Canning: Mayor blasts councillors who skipped facility tours ahead of aged care reform vote

Mayor Paul Ng believes not all councillors will be adequately informed before making a decision on aged care.
Mayor Paul Ng believes not all councillors will be adequately informed before making a decision on aged care.

CITY of Canning Mayor Paul Ng has called into question councillors’ abilities to make decisions on aged care reform after low attendance at a tour of aged and disability facilities.

The 14-venue tour came ahead of the August council meeting, where councillors will decide on the future of City-managed services after a change in the Federal Government funding model.

On July 16, councillors Margaret Hall, Patrick Hall, Ben Kunze and David Brown joined Cr Ng and community development director Tania Trengove on a tour of City of Canning-managed aged care facilities and independent facilities.

Deputy Mayor Lindsay Holland had been present, but left due to illness.

At last Tuesday’s council meeting, Cr Ng called the aged care decision one of the “most important decisions” council would make, lamenting the absence of councillors, who would be uninformed when making a decision next month.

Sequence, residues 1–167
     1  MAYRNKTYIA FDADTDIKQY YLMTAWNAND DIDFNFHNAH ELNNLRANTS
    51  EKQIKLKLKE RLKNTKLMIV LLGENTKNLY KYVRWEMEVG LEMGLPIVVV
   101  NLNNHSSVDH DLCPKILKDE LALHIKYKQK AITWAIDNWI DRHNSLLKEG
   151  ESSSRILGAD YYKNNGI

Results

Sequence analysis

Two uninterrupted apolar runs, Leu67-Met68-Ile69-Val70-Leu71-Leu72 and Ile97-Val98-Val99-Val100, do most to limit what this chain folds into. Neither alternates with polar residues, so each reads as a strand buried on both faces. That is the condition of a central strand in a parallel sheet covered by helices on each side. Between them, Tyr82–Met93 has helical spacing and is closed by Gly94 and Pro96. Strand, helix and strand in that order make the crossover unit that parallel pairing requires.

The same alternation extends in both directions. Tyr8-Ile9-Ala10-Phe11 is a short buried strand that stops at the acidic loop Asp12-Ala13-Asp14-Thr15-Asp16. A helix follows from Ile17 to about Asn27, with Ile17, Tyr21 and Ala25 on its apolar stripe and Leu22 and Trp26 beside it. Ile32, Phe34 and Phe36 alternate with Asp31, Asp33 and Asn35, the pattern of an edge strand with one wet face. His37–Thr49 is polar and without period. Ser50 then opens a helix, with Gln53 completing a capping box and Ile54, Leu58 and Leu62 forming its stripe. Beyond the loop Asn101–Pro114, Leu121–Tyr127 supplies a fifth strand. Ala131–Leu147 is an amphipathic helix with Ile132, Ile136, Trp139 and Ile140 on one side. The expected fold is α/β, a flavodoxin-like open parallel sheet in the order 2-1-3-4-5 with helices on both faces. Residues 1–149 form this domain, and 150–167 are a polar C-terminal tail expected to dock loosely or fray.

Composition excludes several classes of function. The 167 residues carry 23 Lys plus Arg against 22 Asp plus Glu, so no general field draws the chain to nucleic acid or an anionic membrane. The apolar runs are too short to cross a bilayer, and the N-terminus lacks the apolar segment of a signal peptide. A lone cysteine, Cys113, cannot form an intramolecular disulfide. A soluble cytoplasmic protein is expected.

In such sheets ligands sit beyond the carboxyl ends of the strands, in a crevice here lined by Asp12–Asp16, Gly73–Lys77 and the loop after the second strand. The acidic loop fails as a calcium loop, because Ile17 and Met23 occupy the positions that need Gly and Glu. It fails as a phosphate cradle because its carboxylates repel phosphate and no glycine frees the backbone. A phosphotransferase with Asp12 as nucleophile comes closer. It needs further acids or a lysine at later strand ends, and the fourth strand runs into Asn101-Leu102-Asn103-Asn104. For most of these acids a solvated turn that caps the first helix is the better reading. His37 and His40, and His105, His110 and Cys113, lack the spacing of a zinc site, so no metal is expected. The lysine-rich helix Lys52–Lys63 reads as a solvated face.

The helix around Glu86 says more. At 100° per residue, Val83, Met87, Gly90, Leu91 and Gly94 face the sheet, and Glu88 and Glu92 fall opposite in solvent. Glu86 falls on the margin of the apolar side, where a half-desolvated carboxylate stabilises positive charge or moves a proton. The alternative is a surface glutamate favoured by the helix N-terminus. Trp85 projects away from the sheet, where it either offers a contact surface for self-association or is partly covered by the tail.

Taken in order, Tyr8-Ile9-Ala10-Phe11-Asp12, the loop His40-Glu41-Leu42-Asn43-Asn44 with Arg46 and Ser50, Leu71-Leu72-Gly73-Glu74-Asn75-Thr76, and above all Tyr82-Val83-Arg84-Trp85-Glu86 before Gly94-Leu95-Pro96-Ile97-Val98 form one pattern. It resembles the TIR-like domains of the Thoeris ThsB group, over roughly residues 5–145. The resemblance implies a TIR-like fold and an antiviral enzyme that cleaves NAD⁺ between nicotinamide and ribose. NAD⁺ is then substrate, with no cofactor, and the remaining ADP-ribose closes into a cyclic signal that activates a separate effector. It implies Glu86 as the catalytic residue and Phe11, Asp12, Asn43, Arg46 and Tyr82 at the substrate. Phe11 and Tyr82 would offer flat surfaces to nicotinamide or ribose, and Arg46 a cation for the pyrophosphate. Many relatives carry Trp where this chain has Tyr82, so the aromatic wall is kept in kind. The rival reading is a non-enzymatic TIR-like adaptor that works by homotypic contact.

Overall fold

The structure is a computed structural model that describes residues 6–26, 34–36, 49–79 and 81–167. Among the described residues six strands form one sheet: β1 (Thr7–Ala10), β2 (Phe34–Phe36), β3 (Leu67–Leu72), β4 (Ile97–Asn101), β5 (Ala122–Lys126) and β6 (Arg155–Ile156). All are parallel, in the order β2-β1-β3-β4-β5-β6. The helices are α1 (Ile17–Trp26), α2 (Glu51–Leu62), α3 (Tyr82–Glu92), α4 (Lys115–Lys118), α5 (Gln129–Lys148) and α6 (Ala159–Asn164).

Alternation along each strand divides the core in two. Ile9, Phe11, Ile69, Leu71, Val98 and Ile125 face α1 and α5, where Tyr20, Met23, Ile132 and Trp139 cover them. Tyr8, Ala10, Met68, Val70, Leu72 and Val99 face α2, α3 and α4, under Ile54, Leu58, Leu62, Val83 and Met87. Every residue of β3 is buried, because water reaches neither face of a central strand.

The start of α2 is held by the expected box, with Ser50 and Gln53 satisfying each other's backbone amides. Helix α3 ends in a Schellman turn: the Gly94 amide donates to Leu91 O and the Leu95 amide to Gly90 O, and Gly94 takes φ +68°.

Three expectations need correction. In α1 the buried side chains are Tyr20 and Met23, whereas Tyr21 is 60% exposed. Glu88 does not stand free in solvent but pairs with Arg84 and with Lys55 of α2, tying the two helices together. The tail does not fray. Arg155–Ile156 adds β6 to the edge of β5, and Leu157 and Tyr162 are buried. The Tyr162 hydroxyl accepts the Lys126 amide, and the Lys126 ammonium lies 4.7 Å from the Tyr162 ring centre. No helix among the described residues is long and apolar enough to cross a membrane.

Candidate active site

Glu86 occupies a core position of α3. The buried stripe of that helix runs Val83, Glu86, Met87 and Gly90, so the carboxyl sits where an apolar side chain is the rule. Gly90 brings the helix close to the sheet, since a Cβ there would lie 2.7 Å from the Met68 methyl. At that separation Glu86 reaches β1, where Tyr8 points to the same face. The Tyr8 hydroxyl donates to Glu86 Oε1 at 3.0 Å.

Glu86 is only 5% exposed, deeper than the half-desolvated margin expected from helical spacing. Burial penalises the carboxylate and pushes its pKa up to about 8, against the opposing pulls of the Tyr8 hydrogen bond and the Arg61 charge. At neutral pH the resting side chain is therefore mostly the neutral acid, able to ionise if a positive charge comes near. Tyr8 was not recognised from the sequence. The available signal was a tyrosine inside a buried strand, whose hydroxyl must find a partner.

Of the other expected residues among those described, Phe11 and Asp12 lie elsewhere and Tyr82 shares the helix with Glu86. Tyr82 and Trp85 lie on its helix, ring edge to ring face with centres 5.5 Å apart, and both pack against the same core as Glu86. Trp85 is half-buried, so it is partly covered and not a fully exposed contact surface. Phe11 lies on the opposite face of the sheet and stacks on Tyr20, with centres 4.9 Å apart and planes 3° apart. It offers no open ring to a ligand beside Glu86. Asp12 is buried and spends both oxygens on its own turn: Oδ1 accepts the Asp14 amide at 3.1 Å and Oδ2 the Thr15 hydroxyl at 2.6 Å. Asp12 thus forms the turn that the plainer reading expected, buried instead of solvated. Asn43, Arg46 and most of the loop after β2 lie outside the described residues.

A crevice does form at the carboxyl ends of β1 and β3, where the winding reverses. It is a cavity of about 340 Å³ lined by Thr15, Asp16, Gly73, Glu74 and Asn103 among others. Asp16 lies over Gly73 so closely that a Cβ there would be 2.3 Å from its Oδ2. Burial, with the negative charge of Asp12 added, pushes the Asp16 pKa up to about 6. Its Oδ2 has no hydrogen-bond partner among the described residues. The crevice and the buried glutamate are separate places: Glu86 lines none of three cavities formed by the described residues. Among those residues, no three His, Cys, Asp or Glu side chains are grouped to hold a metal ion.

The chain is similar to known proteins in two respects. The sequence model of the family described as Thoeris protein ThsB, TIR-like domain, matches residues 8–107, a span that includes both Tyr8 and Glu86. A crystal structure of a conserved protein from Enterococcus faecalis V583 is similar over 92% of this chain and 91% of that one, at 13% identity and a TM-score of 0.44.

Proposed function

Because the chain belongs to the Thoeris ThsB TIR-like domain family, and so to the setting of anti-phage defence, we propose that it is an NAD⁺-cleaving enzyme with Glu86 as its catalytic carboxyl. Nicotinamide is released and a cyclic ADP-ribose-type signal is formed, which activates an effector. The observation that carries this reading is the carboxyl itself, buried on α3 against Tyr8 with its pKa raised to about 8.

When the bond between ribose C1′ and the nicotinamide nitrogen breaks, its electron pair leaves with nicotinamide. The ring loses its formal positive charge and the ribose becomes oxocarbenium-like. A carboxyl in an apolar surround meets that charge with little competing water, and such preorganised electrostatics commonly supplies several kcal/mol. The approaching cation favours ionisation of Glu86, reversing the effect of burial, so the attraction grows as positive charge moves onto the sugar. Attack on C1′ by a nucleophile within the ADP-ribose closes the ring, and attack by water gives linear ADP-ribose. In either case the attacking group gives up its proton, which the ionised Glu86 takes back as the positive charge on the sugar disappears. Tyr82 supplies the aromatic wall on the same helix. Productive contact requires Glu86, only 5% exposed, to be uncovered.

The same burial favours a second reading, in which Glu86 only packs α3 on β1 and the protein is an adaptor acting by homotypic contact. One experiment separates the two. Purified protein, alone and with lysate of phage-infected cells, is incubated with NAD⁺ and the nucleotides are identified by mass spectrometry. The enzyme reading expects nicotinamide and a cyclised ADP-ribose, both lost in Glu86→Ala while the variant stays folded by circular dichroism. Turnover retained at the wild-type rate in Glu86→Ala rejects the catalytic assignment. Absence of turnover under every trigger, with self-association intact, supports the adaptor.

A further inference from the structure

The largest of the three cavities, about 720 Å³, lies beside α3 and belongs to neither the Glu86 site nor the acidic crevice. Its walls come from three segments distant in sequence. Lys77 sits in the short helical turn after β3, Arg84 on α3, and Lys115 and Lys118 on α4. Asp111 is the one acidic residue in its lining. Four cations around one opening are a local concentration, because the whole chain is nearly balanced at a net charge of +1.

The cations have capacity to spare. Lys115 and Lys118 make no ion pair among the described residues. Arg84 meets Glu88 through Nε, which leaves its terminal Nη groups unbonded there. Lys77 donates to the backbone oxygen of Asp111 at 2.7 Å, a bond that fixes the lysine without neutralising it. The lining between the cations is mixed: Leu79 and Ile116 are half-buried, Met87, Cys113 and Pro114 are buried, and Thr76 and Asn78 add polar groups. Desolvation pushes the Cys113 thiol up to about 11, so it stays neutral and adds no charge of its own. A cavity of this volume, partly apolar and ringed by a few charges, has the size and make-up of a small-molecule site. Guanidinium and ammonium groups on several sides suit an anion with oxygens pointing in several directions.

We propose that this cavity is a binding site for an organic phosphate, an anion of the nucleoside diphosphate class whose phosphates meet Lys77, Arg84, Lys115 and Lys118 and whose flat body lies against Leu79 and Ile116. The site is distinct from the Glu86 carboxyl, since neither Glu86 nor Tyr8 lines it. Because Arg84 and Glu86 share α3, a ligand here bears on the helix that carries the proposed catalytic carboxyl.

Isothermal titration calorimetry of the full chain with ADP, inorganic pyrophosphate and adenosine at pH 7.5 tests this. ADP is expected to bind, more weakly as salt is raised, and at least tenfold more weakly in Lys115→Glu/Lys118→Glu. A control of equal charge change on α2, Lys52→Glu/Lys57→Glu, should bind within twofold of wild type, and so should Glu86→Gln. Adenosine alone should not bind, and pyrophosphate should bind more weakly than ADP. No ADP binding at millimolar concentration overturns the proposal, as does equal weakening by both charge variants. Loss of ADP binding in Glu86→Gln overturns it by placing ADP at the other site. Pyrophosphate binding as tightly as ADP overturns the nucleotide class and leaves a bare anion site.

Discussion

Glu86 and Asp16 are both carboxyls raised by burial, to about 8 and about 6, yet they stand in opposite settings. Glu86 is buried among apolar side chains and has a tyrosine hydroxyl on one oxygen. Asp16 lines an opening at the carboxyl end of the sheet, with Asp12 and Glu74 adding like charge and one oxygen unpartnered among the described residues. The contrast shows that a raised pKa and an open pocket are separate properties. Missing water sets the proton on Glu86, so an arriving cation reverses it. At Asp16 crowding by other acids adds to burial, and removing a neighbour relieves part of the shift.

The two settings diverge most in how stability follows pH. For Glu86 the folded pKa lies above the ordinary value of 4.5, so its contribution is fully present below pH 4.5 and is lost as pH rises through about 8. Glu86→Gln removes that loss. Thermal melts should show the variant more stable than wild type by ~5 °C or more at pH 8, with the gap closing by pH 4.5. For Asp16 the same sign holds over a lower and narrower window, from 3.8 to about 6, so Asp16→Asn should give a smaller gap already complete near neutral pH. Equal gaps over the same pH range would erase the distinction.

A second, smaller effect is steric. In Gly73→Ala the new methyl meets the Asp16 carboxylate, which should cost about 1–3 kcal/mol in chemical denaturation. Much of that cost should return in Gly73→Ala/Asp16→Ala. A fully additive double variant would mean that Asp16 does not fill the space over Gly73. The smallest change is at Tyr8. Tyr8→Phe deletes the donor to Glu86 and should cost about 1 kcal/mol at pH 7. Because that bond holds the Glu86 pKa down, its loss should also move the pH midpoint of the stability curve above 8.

“Unfortunately, one elected member was very ill and had to return home, resulting in only five officially attending the tour,” he said. “Some councillors indicated they would be attending but did not attend or provide an apology.

“Based on the low attendance rate on Saturday, less than half of the elected members will have all the information to make one of the most important decisions in the term of this new council.”

Cr Ng said attending council meetings was not enough for elected members representing a community.

“All elected members will receive the same documentation in print, yet attending organised events in person to see the City’s facilities and how they operate, as well as being present for all of the discussion points, are valuable components of our work to allow us to make crucial informed decisions for this council and its constituents,” he said.

“Throughout our representation on this council, we are required to educate ourselves to the highest level possible as our decisions impact on the Canning community who rely on us to create and implement the future direction of the City.”

In May, the City released an Aged Care and Disability Review, held public meetings and called on the public for submissions before any decision.

More than 170 submissions were received, which pushed the original council decision back a month.

Reflecting on the tour, Cr Margaret Hall said she was impressed by the facilities on offer in Canning. Cr Kunze said he was conscious of the review’s importance.

“I have attended all three community forums that the City has held and in addition, I visited the Rossmoyne Retirement Village to speak to residents at a forum after receiving an invitation as their elected Bannister Ward representative,” he said. “I am very conscious that this review is one of the most important matters that we will consider as a council and it is vital that we understand the issues, know the facilities, and speak to residents and their families in order to make a well informed decision.”